Philippines alleges Chinese harassment before Japan, US drills

Ahead of joint military exercises with its allies, the Philippines asserts that two Chinese coastguard vessels “harassed” Filipino fishing vessels within its exclusive economic zone (EEZ) in the disputed South China Sea.

On April 4, the coastguard vessels in the Iroquois reef “pretended to operate their water cannons and threatened Filipino fishermen,” according to a statement published on X on Saturday by Jay Tarriela, a spokesman for the Philippine Coast Guard.

Tarriela wrote in a statement, “This aggressive action is the result of China’s avarice and unsubstantiated claim that these waters are theirs based on an imaginary dashed line.”

The Chinese government, which asserts sovereignty over nearly the entire South China Sea, did not immediately provide a statement.

“It is crucial to acknowledge that Rozul Reef, which is situated around 128 nautical miles from Palawan, is within the exclusive economic zone (EEZ) of the Philippines,” Tarriela continued, using the reef’s Filipino name. The Philippines alternatively designates the region of the South China Sea enclosed within its EEZ as the West Philippine Sea.Philippines alleges Chinese harassment before Japan, US drills

In recent months, the Philippines and China have documented multiple maritime encounters, including the deployment of a water cannon. The two nations have long contrasted in the vicinity of the contested reefs in the vast and resource-rich seaway.

Since assuming office in 2022, President Ferdinand Marcos Jr. of the Philippines has pursued warmer relations with the United States and other Western nations. He has also taken a strong stance against what he perceives to be Chinese hostility.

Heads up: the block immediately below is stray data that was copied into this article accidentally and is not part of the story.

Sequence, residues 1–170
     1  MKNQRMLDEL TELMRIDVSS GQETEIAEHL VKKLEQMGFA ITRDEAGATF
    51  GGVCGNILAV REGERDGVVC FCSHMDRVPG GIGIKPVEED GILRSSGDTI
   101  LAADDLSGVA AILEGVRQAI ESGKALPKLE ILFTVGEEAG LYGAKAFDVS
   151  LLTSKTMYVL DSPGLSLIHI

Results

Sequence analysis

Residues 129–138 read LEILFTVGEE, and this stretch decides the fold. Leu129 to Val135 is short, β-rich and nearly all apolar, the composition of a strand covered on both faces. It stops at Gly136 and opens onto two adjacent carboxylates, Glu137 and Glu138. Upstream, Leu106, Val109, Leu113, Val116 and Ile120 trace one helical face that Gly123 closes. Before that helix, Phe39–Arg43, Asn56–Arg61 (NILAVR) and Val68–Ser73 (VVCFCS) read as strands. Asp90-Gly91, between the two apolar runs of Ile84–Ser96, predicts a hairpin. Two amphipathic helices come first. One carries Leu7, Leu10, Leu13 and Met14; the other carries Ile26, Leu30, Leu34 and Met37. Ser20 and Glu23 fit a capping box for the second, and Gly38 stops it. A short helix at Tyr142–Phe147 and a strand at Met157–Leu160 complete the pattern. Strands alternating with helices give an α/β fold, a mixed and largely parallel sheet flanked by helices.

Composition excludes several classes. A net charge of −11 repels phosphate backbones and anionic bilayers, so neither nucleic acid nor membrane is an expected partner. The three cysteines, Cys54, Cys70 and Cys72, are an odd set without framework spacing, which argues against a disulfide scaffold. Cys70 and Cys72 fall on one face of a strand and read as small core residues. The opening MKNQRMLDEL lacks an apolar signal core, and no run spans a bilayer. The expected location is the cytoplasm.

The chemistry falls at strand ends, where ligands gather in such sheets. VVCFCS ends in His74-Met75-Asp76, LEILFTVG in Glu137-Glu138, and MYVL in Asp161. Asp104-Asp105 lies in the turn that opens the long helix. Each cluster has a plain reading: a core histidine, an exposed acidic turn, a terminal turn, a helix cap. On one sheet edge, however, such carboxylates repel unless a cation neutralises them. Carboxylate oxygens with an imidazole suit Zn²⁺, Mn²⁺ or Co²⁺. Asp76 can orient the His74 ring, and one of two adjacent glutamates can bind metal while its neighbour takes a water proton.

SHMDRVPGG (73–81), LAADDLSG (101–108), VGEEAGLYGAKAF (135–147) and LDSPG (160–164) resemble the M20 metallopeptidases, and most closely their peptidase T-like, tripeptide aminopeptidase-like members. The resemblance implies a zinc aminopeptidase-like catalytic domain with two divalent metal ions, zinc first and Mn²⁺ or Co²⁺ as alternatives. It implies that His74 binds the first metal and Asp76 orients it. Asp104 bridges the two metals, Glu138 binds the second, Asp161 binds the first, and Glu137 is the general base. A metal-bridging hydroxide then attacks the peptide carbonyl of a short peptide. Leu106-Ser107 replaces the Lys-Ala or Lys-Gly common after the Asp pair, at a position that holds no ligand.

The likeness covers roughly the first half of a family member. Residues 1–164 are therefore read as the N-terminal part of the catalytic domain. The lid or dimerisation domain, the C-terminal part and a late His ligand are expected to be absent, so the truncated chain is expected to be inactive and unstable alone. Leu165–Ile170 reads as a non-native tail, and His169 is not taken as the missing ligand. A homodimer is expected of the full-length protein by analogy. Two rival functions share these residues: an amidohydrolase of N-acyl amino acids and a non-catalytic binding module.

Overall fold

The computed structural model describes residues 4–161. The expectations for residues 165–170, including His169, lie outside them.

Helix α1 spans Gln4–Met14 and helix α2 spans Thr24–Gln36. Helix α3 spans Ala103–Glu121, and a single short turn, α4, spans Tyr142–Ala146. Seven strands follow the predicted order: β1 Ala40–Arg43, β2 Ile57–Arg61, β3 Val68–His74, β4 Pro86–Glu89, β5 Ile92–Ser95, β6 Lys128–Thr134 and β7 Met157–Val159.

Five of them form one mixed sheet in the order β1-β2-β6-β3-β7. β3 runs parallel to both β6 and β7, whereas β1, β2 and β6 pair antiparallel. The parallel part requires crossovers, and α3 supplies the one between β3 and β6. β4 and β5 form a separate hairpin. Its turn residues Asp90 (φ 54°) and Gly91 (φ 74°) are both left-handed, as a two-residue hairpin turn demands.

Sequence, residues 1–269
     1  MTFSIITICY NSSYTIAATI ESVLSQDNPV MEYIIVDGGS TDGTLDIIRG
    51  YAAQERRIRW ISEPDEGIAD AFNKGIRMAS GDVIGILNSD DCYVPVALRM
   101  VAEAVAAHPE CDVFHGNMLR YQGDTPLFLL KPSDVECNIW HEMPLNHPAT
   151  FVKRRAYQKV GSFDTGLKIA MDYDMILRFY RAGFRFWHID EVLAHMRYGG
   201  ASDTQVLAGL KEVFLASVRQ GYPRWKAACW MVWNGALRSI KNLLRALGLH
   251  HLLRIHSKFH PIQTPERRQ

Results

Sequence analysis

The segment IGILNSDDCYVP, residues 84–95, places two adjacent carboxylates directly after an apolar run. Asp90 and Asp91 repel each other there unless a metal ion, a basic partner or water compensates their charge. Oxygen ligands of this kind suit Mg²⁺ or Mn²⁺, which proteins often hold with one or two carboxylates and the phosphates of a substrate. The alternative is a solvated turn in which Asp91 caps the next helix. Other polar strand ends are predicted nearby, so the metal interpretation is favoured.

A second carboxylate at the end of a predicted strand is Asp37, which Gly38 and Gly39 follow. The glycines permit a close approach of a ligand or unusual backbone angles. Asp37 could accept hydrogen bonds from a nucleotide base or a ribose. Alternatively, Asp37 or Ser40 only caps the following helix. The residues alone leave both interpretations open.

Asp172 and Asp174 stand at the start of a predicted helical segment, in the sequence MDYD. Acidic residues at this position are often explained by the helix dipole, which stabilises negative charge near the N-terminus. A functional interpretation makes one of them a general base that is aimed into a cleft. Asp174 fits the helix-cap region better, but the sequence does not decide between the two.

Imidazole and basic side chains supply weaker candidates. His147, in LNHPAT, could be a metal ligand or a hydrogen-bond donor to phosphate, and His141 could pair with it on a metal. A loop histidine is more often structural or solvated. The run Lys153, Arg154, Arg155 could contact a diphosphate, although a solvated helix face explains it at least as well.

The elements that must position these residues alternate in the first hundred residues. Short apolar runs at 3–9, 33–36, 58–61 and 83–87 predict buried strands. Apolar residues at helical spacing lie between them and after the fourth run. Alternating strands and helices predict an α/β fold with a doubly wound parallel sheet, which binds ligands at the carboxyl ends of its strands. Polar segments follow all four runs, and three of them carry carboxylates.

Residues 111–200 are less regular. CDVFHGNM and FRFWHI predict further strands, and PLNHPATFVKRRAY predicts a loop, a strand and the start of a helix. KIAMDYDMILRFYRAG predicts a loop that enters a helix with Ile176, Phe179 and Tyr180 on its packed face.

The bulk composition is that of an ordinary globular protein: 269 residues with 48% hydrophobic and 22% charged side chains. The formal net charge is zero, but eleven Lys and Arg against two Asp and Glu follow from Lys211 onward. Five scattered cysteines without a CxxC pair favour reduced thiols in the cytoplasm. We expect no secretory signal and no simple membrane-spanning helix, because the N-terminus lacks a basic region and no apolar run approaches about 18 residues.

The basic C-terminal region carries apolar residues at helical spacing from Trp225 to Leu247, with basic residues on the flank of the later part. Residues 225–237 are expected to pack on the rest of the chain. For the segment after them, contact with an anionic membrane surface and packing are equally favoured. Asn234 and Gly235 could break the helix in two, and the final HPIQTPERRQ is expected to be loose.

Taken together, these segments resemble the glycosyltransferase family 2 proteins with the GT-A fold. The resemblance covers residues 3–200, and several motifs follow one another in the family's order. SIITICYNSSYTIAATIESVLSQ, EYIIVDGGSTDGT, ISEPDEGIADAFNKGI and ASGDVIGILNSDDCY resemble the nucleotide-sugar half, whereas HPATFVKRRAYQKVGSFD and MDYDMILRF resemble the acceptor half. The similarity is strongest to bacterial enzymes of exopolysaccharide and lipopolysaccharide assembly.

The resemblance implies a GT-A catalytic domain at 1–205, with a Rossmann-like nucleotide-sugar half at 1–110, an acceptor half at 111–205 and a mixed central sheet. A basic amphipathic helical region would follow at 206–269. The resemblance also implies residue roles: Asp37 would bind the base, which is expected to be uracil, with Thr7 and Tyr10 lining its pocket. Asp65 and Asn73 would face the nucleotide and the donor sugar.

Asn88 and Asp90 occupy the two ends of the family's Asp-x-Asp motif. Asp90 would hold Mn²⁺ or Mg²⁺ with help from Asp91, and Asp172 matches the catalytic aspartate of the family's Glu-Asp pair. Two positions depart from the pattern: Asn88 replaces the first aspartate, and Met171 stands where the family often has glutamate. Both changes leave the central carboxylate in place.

Following the most recent confrontation, which resulted in harm to Filipino soldiers and vessels, he declared a month ago that the Philippines would retaliate against China with countermeasures.

Regional Alliances Strengthen Amidst South China Sea Tensions

On Sunday, the Philippines will conduct joint air and naval exercises with the United States, Australia, and Japan in the contested region. The Philippines seeks to strengthen its alliances in an effort to counter China’s growing assertiveness in the area.

Saturday, the four countries’ participating defense chiefs issued a joint statement expressing their “collective commitment to strengthen regional and international cooperation in support of a free and open Indo-Pacific” through the exercise.

The following week, the first trilateral summit is scheduled to occur in Washington, DC, between US President Joe Biden, Marcos Jr., and Japanese Prime Minister Fumio Kishida.

According to the statement, the naval and air force elements of all four nations will participate in the drills. The statement did not provide any additional information.

The exercises will include “anti-submarine warfare training,” according to the Japanese embassy in Manila.

China has attributed the escalation of tensions in the disputed waterway to the Philippines.

The United States has consistently affirmed its “ironclad” dedication to safeguarding the Philippines from any potential armed assault in the South China Sea, as stated by high-ranking US officials.

US Secretary of Defence Lloyd Austin stated, “These activities with our allies Australia, Japan, and the Philippines demonstrate our shared commitment to ensuring that all nations are free to fly, sail, and operate wherever international law permits.”

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